Allergies are a topic that causes parents a lot of anxiety, including me. When we first started introducing Henry to food, we decided to forgo the one food at a time rule. It seemed overly cautious and cumbersome to wait days between new foods, especially when there is no history of allergic reaction in our family.
We have been careful, however, with foods that have a family history of allergy. Daddy has an allergy to shellfish, although it developed when he was an adult. He also is peanut and dairy intolerant, but occasionally indulges in Thai food and ice cream. In addition, I had strong reactions to strawberries and peaches as a small child, allergies that disappeared as I grew older.
|Henry eats almost anything, but are we ready to introduce potential allergens?|
Reassuringly, the CDC reports that less than 5% of American children have a food allergy. Some studies have shown that delayed exposure to allergenic foods has no effect on the likelihood of developing an allergy, while other research suggests that delaying allergenic foods may actually increase the likelihood of a reaction. And living with food allergies seems to be getting easier as awareness increases.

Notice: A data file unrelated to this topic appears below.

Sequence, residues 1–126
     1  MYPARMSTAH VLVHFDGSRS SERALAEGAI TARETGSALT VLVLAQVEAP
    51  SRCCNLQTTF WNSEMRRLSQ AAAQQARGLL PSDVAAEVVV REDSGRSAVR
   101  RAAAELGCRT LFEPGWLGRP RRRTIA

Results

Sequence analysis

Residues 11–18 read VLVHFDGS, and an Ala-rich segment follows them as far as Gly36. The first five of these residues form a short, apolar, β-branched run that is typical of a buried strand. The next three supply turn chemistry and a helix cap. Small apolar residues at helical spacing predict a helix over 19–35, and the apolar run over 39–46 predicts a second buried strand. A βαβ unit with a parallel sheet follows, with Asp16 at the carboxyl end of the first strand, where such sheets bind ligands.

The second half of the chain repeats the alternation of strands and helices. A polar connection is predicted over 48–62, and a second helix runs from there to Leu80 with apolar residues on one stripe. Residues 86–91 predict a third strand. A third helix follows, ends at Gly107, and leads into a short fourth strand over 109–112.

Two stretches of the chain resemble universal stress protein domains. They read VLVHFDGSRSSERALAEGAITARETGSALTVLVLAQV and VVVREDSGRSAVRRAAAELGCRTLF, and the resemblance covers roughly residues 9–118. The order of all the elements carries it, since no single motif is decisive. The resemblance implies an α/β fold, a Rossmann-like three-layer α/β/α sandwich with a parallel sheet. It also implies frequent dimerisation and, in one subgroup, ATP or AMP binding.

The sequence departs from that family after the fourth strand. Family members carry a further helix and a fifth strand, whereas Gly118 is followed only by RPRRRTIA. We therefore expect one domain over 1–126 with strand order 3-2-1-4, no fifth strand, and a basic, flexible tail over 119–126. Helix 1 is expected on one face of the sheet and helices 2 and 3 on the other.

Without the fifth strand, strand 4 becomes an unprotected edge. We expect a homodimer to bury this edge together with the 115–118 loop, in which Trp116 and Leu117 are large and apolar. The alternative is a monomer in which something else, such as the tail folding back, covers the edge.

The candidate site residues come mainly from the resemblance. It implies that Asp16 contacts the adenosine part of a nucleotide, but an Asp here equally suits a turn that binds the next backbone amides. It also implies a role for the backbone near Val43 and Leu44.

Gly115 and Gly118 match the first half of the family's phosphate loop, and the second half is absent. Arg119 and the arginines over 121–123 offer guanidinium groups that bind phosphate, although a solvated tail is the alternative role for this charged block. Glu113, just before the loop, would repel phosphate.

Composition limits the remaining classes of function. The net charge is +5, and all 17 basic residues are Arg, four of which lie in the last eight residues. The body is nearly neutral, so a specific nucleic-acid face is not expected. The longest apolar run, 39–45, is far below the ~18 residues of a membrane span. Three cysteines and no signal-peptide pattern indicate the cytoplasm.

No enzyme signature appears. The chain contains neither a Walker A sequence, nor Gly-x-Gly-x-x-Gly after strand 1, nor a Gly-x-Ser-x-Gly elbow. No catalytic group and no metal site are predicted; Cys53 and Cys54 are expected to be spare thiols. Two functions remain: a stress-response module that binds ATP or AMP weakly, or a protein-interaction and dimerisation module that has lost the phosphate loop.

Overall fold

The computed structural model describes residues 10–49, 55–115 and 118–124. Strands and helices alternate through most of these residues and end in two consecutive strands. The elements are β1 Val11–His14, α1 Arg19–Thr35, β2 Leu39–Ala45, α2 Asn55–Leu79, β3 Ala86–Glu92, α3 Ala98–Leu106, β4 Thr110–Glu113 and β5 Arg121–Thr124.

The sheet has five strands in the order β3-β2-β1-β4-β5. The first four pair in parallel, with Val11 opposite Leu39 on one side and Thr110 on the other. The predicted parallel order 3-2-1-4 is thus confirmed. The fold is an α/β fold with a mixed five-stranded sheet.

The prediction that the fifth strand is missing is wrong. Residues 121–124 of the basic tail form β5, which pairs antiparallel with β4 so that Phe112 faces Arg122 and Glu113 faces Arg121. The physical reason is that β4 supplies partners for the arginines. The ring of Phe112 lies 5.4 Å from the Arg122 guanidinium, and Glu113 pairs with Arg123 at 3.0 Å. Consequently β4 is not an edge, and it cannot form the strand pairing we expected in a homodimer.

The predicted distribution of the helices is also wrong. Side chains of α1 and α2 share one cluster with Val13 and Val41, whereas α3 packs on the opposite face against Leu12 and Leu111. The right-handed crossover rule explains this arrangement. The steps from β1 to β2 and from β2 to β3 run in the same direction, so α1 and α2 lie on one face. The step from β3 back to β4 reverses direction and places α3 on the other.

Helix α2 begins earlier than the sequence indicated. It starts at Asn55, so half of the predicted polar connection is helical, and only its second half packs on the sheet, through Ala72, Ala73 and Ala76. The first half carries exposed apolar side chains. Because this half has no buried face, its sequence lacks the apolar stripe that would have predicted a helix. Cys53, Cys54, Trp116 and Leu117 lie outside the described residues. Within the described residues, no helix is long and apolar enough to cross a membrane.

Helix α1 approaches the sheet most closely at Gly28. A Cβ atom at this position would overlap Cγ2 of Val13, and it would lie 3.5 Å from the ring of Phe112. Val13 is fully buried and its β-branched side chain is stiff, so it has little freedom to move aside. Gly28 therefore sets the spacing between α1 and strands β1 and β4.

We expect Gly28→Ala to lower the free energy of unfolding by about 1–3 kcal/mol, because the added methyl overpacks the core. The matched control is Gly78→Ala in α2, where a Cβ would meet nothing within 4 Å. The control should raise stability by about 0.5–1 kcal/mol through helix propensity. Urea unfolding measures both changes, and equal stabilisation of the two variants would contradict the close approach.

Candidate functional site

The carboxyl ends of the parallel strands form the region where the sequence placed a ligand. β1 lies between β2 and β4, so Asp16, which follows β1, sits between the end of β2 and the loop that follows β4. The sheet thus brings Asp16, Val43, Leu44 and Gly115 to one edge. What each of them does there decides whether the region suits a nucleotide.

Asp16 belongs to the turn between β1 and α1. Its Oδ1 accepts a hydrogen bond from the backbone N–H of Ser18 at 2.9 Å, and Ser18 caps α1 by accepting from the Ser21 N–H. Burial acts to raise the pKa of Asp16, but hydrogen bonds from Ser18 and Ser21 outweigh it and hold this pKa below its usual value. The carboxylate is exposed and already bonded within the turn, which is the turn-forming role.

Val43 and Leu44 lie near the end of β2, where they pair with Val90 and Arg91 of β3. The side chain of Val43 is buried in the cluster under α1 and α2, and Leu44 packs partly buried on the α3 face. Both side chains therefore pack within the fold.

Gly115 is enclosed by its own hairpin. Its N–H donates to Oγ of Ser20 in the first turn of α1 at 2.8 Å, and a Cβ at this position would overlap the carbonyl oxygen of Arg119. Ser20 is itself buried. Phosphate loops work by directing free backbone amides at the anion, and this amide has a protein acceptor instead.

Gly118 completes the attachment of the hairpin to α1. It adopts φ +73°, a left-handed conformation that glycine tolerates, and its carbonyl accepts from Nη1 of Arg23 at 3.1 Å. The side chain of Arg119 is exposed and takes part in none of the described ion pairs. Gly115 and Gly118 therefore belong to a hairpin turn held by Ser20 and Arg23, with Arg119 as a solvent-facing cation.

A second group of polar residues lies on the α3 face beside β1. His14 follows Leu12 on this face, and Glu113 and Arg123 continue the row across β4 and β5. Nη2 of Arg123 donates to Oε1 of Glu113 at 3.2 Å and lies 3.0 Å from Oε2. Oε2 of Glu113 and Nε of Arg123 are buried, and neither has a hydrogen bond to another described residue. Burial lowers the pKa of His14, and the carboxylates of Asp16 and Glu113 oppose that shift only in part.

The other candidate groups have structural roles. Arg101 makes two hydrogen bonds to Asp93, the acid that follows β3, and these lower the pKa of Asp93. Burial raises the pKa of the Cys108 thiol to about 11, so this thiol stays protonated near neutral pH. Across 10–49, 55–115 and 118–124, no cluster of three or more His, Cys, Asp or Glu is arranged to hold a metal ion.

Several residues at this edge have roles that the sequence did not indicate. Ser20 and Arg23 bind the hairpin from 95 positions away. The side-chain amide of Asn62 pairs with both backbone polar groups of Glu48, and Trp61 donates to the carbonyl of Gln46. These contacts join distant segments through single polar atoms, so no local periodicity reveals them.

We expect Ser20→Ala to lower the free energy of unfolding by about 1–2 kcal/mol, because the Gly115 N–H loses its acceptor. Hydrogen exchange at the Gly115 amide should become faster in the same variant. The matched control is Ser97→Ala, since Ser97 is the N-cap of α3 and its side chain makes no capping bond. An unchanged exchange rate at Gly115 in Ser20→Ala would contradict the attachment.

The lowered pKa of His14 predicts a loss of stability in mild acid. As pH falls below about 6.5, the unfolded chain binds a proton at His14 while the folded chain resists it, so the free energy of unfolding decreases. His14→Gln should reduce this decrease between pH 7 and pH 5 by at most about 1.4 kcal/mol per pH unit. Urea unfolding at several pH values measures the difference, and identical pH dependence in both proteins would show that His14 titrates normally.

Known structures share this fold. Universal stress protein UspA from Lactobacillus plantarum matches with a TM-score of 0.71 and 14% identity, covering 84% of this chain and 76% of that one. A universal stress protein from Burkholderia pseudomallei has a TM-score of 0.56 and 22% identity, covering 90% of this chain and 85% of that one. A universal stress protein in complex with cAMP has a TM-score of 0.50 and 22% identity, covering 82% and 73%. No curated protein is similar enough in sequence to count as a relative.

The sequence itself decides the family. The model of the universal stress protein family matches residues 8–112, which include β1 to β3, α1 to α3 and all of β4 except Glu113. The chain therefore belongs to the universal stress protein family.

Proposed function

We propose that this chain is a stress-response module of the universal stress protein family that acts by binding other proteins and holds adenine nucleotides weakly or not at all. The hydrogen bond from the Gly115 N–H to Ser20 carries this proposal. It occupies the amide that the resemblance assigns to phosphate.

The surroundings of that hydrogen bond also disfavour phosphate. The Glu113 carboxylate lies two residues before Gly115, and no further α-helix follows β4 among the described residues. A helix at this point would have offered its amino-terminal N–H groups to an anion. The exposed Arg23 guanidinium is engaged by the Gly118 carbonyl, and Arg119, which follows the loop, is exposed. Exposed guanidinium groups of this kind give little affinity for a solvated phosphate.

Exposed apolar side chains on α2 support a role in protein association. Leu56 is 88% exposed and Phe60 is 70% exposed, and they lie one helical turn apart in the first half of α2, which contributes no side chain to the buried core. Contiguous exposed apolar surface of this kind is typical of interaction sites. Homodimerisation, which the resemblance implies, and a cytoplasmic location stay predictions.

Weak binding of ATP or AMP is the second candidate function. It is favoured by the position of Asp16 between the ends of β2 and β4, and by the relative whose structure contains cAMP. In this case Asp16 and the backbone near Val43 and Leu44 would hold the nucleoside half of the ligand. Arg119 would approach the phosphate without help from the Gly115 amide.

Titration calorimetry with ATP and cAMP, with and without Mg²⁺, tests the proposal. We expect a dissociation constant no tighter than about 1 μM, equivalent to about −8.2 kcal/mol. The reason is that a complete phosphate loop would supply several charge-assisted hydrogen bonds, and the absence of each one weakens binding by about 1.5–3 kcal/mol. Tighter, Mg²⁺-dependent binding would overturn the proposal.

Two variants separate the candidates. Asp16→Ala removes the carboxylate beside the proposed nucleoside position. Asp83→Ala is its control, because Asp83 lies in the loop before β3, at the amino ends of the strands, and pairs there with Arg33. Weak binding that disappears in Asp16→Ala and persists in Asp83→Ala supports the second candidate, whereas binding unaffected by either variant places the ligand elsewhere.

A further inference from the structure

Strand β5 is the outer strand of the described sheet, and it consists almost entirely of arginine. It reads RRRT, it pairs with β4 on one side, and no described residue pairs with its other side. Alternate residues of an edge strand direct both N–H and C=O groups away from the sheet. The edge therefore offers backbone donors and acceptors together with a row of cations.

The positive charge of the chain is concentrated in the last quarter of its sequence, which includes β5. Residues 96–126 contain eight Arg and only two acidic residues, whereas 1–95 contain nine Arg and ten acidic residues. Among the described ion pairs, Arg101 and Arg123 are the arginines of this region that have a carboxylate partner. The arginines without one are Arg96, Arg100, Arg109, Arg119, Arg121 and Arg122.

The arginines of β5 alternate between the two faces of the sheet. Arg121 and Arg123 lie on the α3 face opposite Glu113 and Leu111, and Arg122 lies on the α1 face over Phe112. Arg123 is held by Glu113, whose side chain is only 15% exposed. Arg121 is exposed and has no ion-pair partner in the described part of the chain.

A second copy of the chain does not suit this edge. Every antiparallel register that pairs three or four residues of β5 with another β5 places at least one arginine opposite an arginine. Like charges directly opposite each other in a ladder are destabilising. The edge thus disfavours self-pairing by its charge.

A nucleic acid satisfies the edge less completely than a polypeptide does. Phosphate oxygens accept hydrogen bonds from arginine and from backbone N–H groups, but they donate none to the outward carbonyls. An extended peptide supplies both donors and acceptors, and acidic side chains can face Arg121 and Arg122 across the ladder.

Since we don’t have any life-threatening allergies in our family, we probably don’t need to have an EpiPan on standby. But what signs should we lookout for?
Common allergic reactions in children include skin rash, hives, difficulty breathing, or stomach pain. A skin rash near the mouth and diaper rash, however, are more likely to be responses to the acid in foods like citrus, kiwis and tomatoes. Our pediatrician also suggested that children with frequent runny noses and ear infections may have a dairy intolerance.
If a child experiences allergy symptoms, then it is time to meet with your pediatrician. If a child’s lips, tongue or face swells, or they have severe vomiting or diarrhea, then you should immediately call 911.